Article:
Timeless summer memories

The beginning of summer has a way of stirring up my heart and memories that make me grateful for this gift called Life. As soon as June 21 happened, my mind clamored in flashbacks of summer solstices. 

I have amazing memories of summers spent borrowing library books and reading whatever I wanted to read; camping in Virginia; spending a couple of weeks in Connecticut with my cousins; gallivanting around Jersey City and Bayonne with friends before we were off to college; working entire summers in college, not going home and passing on family vacations because I wanted to assert my independence; taking $50 cab rides home from spending late nights in the city because I was in my twenties, working and living on my own; waiting for my Dad to die; and introducing my daughter to the vast, wild and mysterious ocean's edge. 

I grew up an only child, so the library was my sanctuary. I didn't need any company other than a few good books to read and get me through the week. I loved that I had my very own sky blue library card, the back of which required my signature. I could spend entire afternoons completely immersed in an environment that was unlike my day-to-day in Jersey City. I am thankful to my mom who never minded that I wanted to frequent the library and borrow a pile of books every week. 

Our family camping trips at Cherrystone Campground in Cape Charles, Virginia were fun filled. We brought everything you could possibly fit in a caravan and included the comforts of home. My cousins and I could participate in any of the campground activities, and we roamed around as we liked on hiking/bike trails, to the paddle boats, or to the on-site arcade. Our parents delighted in the local crabbing and fishing and even had the nerve to go around asking other campers for their fish heads, a Filipino delicacy, to make a tasty traditional soup. 

My summer weeks in Connecticut were somewhat of a worry-less break for my parents and for me, a much needed getaway from my parents (whose complete focus was always on me) and the city. We'd camp out in the backyard and sing around bonfires. We had our share of roasted-on-a-stick hot dogs and marshmallows too. And the fireflies! We'd tried to catch a few in a jar, so we could watch them light up. (Sadly, I don't see many fireflies anymore.) 

Having spent 13 years in the same school with the same girls, the summer before college meant hanging onto those friendships amidst the fear, anxiety and excitement of moving on with our lives. After the high school graduation celebrations, there were the finally- turning-18 surprise parties, hanging out til 2am turned into sleepovers, and ensuring that our ties remained strong via weekly baking/chatting sessions of cupcakes, rice krispie treats and wine coolers.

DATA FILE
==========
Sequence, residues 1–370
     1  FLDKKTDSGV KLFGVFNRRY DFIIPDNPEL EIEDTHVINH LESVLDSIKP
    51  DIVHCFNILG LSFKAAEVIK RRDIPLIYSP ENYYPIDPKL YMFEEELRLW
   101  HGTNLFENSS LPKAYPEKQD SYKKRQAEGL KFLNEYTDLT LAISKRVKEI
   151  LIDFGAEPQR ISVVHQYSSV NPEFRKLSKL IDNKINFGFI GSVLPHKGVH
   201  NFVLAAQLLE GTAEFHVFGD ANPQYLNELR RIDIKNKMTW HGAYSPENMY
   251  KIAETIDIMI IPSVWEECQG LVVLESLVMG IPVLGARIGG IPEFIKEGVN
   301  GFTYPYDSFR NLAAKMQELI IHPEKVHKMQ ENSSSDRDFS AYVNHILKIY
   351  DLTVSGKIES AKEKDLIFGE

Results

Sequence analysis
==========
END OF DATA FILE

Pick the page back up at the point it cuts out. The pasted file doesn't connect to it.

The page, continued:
Once I was in college, I passed on shore summer vacations with my family because I wanted to stay in my college town of New Brunswick and prove that I could work full-time and live on my own, and I was hell bent on making sure I didn't have to go back to my parents' house. As I reflect on that choice I made as a young adult, I never realized then that I'd literally have the rest of my life to work. 

When I was in the throes of my career as a twenty-something in New York City, I made the most of working hard and playing hard. Advising students by day, schmoozing with University colleagues by night, it was then I upped my alcohol tolerance. Not to mention the late night event organizing and blowing off steam at karaoke bars into the wee hours of the morning. It was nothing to blow $50 (including tip) on a 20-minute cab ride from lower Manhattan through the Holland Tunnel back home to downtown Jersey City. I knew I'd be home before my colleagues who lived in Brooklyn or Queens. Once college graduation festivities ended, we didn't have summers off, but we could make the most of working in the city following the end of the spring semester. 

The summer season can also be bittersweet as it was when I waited for my Dad to die from cancer. While I'd made the decision to spend as much time as possible with him, waiting for my father to die with dignity and on his own terms at home made for a most undesirable and hallowed memory. With the support of my workplace at the time, the Universe granted me the time to sit with my Dad and listen to his wisdom. His most important words still guide me, "Live a simple life." When anyone or any situation tests my patience, I remember his insight. 

Four summers after my Dad died (including six years of trying on and off and in the middle of an adoption process), the Universe gifted us with our miracle. And after a tumultuous adoption journey, we have learned to accept that the failed adoption was not meant to be at that time, but our birth daughter was, and that's how the Universe works. Almost three years young, our little lady brings us anxiety, tests our patience, leaves us exhausted by day's end, and ignites our hearts so. I fancy the summertime memory of our babymoon at a lovely B&B down the shore. The third trimester was not an easy one as I was on bed rest due to a number of complications associated with 'advanced maternal age.' Born a preemie at 35 weeks, N.'s birthday falls the day before mine. (Hurray for summer birthdays!) With her dad being an avid fisherman and her mama a delighter in most that is sun, sand, and water, it's no surprise that N. is a water baby. As soon as we brought her home, we introduced her to the bay that soothes us in our day-to-day trials. It's our love of the shoreline that inspired us to name her - Nayla Bay. 

While it can be a cruel, cruel summer leaving us to feel like we're on our own, we can also take comfort in summertime and the livin' [can be] easy . . . May you enjoy summer's bliss, burst into summersong, and wish upon a firefly.